Often open source projects or organizations use an IRC channel on FreeNode to provide support to users and/or developers. I’m trying to retain familiarity with the command line, rather than become completely dependent on GUI applications, so I’ve decided to use IRSSI instead of Pidgin or Adium (Mac OS X).
Here are some Gems we recommend that you checkout.
I am adding a script to our server using Ansible. The roles are all setup to support multiple Wordpress websites based on the dictionary defined in
ansible/group_vars/wordpress_sites.yml, as my Ansible configuration is based on Trellis.
I don’t want to use the Ansible template module to create a script for every website, because really I only have one website configured. Sure I might have configuration files for each site under Nginx, so that makes sense. So I decided that instead of creating multiple scripts, I’ll just have Ansible generate scripting for each of the sites inside of my shell script.
Well it turns out that this isn’t do easy for someone not very familiar with Jinja2 templates or Python objects.
I recently was running into issues with Vagrant where I’d start the virtual machine using the ‘vagrant up’ command, but I’d receive an error when trying to use
$ vagrant ssh ssh_exchange_identification: Connection closed by remote host
I was tasked with installing PhantomJS 2.0 on an Ubuntu 14.04 VPS running with 2 GB of RAM. Online discussions on Github and Google Groups seemed to have pointed to the build process requiring much RAM to complete without error.
g++: internal compiler error: Killed (program cc1plus) Please submit a full bug report, with preprocessed source if appropriate. See <file:///usr/share/doc/gcc-4.8/README.Bugs> for instructions. make: *** [.obj/inspector/InspectorAllInOne.o] Error 4 make: *** Waiting for unfinished jobs.... make: Leaving directory `/home/app/src/phantomjs-2.0.0/src/qt/qtwebkit/Source/WebCore' make: *** [sub-Target-pri-make_first-ordered] Error 2 make: Leaving directory `/home/app/src/phantomjs-2.0.0/src/qt/qtwebkit/Source/WebCore' make: *** [sub-Source-WebCore-WebCore-pro-make_first-ordered] Error 2
Although this website is primarily devoted to Ruby / Rails development, I’ve found it necessary to learn Python for a new position I might take in the upcoming year. Here is my guide for setting up your local workstation for Python / Django development on a Mac OS X workstation.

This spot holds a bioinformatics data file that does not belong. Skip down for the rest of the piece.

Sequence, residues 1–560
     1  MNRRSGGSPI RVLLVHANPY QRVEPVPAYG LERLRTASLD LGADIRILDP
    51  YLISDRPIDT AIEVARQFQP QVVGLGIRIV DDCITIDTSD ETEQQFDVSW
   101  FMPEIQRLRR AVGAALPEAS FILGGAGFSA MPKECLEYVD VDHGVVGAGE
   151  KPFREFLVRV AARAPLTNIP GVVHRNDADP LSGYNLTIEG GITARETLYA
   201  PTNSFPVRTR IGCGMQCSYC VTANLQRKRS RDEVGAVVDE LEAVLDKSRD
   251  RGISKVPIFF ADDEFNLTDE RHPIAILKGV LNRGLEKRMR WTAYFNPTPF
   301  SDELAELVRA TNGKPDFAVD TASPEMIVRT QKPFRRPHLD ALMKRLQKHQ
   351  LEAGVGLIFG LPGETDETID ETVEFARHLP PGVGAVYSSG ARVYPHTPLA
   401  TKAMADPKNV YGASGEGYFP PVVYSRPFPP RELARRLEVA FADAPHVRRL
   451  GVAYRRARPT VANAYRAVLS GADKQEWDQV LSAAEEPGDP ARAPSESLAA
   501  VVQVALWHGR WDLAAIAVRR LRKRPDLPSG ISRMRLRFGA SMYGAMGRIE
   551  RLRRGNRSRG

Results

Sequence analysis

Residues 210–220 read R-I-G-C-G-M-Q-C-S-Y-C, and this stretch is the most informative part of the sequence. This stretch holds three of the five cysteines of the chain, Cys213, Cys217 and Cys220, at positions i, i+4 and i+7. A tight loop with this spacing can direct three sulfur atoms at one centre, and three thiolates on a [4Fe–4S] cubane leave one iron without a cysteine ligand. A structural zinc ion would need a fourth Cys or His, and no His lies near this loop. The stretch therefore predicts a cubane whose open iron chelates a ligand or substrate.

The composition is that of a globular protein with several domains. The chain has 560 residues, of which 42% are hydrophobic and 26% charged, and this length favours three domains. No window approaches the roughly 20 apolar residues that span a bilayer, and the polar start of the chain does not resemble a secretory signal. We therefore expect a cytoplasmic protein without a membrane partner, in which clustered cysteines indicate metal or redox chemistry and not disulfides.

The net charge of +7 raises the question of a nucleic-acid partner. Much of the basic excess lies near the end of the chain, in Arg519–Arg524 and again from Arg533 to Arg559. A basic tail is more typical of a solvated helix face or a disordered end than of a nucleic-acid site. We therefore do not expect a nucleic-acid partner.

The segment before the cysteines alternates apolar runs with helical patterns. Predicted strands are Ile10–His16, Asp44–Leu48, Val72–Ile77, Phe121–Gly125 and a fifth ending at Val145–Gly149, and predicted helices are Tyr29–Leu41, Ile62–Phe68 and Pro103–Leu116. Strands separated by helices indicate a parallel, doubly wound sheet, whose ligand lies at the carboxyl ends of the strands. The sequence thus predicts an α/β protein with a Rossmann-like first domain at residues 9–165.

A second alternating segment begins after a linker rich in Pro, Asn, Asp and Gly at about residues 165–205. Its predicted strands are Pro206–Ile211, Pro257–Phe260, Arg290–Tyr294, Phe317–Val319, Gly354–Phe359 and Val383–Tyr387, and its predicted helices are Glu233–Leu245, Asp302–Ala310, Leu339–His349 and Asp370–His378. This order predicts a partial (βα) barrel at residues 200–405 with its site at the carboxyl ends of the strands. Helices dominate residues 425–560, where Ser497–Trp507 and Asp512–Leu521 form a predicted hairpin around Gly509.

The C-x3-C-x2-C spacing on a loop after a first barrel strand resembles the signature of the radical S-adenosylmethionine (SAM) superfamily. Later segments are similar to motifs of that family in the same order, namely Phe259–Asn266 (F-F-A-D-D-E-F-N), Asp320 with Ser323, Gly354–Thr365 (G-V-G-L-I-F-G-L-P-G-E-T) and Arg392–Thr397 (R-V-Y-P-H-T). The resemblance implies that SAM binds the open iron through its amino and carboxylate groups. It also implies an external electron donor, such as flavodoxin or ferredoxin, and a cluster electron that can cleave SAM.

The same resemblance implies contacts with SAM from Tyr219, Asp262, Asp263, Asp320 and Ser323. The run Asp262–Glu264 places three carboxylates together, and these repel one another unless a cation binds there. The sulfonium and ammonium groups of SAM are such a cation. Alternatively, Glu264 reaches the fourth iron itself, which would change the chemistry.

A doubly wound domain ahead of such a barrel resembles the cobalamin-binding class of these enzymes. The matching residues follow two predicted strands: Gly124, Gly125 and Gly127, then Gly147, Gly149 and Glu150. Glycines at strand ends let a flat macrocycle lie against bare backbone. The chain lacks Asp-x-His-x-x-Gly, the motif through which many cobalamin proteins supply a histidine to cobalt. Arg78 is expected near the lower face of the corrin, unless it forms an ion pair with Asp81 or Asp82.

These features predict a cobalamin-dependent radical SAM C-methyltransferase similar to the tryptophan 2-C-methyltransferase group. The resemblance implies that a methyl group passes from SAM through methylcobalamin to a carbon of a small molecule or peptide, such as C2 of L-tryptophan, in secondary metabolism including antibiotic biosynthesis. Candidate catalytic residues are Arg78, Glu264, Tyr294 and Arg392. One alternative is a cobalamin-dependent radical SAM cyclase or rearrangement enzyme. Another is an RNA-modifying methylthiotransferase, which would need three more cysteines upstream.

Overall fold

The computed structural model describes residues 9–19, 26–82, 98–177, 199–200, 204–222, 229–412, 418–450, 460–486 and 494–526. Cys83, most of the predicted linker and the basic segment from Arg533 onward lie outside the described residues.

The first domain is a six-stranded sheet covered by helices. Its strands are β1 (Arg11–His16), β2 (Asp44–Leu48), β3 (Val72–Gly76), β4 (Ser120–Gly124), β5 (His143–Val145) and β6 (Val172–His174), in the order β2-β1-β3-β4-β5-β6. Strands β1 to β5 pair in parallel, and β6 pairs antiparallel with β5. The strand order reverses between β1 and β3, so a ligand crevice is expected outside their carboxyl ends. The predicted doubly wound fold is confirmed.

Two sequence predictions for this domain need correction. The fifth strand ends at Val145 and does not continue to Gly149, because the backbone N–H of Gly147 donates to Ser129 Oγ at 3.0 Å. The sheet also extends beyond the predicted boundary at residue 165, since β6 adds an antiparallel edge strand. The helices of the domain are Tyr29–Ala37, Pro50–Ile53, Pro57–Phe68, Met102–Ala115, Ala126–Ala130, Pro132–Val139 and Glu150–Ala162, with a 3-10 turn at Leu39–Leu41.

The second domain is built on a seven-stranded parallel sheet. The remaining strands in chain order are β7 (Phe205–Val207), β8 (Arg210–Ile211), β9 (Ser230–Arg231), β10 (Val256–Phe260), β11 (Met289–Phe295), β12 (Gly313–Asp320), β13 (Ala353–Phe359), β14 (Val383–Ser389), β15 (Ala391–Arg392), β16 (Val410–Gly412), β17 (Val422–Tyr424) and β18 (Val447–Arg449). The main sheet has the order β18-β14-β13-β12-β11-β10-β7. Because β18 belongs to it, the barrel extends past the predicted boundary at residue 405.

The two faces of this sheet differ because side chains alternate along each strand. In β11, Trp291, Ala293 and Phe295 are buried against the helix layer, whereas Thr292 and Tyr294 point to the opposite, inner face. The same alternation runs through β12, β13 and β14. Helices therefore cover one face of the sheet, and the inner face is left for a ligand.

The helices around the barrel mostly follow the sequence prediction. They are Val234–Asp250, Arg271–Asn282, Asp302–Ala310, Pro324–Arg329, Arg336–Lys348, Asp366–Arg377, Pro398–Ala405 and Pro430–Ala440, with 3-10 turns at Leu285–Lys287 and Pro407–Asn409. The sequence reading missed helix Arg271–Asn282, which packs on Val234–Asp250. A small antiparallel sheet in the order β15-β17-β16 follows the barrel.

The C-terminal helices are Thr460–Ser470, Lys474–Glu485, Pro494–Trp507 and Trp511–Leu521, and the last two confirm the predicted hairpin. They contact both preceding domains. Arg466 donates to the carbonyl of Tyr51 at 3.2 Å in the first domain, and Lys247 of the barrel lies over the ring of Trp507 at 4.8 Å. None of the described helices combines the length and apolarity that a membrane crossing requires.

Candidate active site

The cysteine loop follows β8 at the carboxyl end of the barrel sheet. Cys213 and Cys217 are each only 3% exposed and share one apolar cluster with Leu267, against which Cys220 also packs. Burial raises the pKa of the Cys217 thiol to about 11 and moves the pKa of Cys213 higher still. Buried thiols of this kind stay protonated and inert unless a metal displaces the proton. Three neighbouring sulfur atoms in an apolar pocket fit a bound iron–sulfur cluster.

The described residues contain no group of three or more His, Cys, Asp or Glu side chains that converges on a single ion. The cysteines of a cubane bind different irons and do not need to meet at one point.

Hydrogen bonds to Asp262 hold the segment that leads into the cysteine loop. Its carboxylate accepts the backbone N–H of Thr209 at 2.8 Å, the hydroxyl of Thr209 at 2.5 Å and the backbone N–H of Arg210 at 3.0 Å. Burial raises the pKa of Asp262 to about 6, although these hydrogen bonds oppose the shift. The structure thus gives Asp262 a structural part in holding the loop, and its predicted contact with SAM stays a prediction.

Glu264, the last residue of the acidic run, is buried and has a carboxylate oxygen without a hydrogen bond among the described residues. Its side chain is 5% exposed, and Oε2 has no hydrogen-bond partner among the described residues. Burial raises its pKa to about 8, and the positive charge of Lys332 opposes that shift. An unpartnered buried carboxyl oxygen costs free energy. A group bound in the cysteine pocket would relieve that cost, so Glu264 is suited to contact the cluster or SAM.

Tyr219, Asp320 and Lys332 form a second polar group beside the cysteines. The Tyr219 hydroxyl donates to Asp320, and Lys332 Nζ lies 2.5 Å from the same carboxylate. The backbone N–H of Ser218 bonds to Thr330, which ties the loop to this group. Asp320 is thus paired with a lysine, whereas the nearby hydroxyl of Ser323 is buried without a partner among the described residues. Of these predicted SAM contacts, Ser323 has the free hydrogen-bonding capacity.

So I just upgraded to OS X Mavericks (10.9.5). I also upgraded to X Code 6, and also installed the command line tools via the
xcode-select --installcommand. I also have the ‘apple-gcc42’ Homebrew package installed to provide GCC 4.2.
Still however, when I would try to install a version of Ruby via RVM, I would get this error:
I’m working with a Rails application that is using an AngularJS front-end. We are using routing to override the behavior of anchor tags to ensure that they load other templates with controllers, as defined in our routeConfiguration.js. This works out great most of the time, unless you need to override the routing so that your anchor tag can point to an end-point served by your Rails back-end. In my case, I’m linking to an end-point that serves a named CSV file. Without any sort of over-ride, I was finding that the default fallback behavior defined by the otherwise() method was occurring. In my case this was a 404 page template that loaded.
I installed Homebrew on my work computer, and have installed many ports using Homebrew from an account on my machine. This has resulted in all of the files and folders managed by Homebrew being owned by the user account I installed the ports from, with ‘admin’ group ownership.
Recently I created another account on my machine, logged into it, and ran ‘brew doctor’ just to make sure everything was in excellent order, and I ran into these errors:
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I’m currently at InstructureCon attending the “Hack Day” event, which is simply an event where any developers wishing to integrate their systems with Canvas can ask questions, talk to Canvas developers, etc.
Here are some things I’ve clarified with their developers thus far, thanks to Eric Berry and Brian Palmer (codekitchen.